Massive distrust over e-vote plans
Massive distrust over e-vote plans

Plans by the Dublin government to introduce electronic voting are to be revised following the combined opposition of the other parties in the 26 Counties.

Little faith that the government would resist the obvious temptation to influence a paperless electronic system of voting united the opposition in the Dublin parliament.

The system advocated by the government provided less verification than an average shopping till.

International computer experts confirmed that the voting system could not be trusted because of the absence of any means to verify the votes or the results of the count.

In parliament, the Minister for Finance, Mr McCreevy lashed fears of "a dark conspiracy" amongst voters.

"This is an insidious, unworthy, diabolical and appalling attempt to create doubt where there is no doubt. It is purely a cynical political exercise," he declared.

An independent statutory panel will be set up to verify the security of the system in advance of the elections. However, the government is still refusing to allow paper records which could later be audited in cvase of dispute.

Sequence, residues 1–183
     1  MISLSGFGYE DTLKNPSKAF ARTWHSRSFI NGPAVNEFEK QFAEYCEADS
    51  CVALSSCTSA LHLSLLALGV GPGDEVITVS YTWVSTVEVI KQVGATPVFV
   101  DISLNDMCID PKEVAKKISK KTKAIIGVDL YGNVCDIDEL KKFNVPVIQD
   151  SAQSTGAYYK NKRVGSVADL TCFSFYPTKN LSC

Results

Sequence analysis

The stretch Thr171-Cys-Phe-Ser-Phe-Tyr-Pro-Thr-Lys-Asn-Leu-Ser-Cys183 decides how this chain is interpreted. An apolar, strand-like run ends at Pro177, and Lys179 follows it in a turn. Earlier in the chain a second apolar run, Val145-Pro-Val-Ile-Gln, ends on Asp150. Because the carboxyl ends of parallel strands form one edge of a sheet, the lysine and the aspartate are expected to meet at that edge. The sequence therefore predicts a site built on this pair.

Taoiseach Bertie Ahern is continuing to reject criticism of the government's plan, insisting that the reliability of the system had been tested and that "it is good".

Mr Ahern said this week he had heard "no hard evidence" that there was a problem with the computerised system.

Fine Gael leader Enda Kenny said that "serious concern" existed about the government's refusal to ensure that the new voting system kept a paper record of each vote cast. The Green party and Labour also backed the Fine Gael motion.

Backing the motion, Sinn Féin's Caomhghin O Caolain said Fine Gael has "spurned the opportunity to have the motion signed by the entire Opposition" by failing to ask for his party's support. He claimed this was in preparation for a possible pre-General Election pact between Fine Gael, Labour and the Green Party.

But he repeated his party's insistence on a verifiable "paper trail". He said: "It is anti-democratic for the government to forge ahead with this system in the face of widespread lack of trust among the public at large and among all the Opposition parties."

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